Safflowers are the richest source of linoleic acid available in the commercial
market. CLA (conjugated linoleic acid) cannot be made in the body, and must
be supplemented in the diet. It is exceedingly difficult to obtain an optimal
level of CLA through diet alone, leading many health experts to recommend it
is supplement form. Safflower oil, and other CLA supplements are is to encourage
the body to produce more lean body mass,and are commonly added in weight loss
and body building supplements fat burners.
In addition to safflower oils use as a supplement, it is also used in cooking, salad dressings and other culinary applications. Exposure to heat and light will however, degrade some of safflowers healthful benefits and lessen its shelf life, although the oil is considered stable.
High-Oleic Safflower oil is produced from a natural mutation, discovered
by researchers at the University of California at Davis. This oil contains
high levels of oleic in instead of linoleic and has a substantially improved
oxidative stability of normal safflower oil due to the replacement of the polyunsaturates
with monounsaturates.1 High Oleic Safflower oil is of the most
interest to health conscious consumers.
Safflower oil is used in skin care formulations that treat dry and damaged skin. Safflower oil is moisturized and soothing to skin.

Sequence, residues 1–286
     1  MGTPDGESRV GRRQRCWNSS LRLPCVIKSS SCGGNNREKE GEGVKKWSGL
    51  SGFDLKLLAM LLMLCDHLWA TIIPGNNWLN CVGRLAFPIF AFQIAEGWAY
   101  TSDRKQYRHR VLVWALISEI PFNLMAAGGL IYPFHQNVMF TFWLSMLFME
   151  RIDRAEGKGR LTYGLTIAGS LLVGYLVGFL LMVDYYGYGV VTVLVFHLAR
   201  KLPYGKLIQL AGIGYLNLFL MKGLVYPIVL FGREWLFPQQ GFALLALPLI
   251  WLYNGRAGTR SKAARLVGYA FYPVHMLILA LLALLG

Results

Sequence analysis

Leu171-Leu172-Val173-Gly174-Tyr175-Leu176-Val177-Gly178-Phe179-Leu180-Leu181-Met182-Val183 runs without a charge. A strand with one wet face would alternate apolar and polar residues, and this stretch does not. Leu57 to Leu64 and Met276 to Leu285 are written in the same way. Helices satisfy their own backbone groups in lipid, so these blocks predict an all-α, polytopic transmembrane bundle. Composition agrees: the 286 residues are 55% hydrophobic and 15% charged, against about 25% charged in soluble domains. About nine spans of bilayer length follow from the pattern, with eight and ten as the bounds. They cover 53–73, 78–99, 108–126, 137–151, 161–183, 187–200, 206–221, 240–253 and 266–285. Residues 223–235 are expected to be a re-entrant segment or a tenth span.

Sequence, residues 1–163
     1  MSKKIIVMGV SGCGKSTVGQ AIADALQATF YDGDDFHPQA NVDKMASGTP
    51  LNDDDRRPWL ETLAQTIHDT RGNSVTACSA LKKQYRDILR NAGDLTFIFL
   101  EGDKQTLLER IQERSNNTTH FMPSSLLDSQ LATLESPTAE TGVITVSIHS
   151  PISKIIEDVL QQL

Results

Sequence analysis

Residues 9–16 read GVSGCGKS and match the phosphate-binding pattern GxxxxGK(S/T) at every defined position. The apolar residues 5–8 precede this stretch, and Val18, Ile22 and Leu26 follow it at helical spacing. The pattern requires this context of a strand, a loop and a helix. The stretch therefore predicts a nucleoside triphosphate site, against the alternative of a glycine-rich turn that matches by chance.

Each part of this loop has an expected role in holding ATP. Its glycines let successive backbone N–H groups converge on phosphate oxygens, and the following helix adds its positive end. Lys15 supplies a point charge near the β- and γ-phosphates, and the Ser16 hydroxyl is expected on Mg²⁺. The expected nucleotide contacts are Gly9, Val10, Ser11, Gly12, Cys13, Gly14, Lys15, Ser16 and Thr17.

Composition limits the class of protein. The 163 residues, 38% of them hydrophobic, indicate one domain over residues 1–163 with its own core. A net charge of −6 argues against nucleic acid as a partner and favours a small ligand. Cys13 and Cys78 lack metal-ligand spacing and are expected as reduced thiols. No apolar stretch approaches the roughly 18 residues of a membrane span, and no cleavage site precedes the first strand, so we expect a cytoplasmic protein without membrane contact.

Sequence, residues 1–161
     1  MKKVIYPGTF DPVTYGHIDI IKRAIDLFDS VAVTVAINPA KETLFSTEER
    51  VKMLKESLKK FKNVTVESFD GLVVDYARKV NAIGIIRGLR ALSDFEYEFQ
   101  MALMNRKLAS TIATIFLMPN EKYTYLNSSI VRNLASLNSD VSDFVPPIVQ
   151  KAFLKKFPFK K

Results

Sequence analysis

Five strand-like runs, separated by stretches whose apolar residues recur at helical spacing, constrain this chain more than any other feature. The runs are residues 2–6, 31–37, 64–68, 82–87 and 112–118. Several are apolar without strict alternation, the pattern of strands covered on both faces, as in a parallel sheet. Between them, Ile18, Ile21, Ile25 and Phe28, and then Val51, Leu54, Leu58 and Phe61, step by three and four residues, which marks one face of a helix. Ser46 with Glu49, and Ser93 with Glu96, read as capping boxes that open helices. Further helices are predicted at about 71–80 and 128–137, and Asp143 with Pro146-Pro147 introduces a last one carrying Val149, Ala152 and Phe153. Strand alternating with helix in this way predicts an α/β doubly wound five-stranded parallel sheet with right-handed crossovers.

Preparation Methods & Dosage :Safflower oil is used for both culinary and body care purposes. Safflower threads or petals can be used to make herbal tea.
Safflower Side Effects:
The Safflower plant, known in India as Koosumbha and in China as Hoang-tchi, is extensively cultivated in India, China and other parts of Asia, also in Egypt and Southern Europe; but its native country is unknown. It grows about 2 to 3 feet high, with a stiff, upright whitish stem, branching near the top; and has oval, spiny, sharp-pointed leaves, their bases half-clasping the stem. Its fruits are about the size of barleycorns, somewhat four-sided, white and shining, like little shells.
Regional Traditions :Middle East *
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Safflower is one of the oldest crops known. For most of its history, the florets were used as the source of a dye, until more stable sources were developed. Interest in the health benefits of unsaturated oils to lower cholesterol levels brought about a new popularity of the ancient food source. Safflower has been used in many herbal traditions worldwide including Native American, TCM, and Ayurvedic medicine.
- Fats and oils: formulating and processing for applications, Richard D. O'Brien - 2009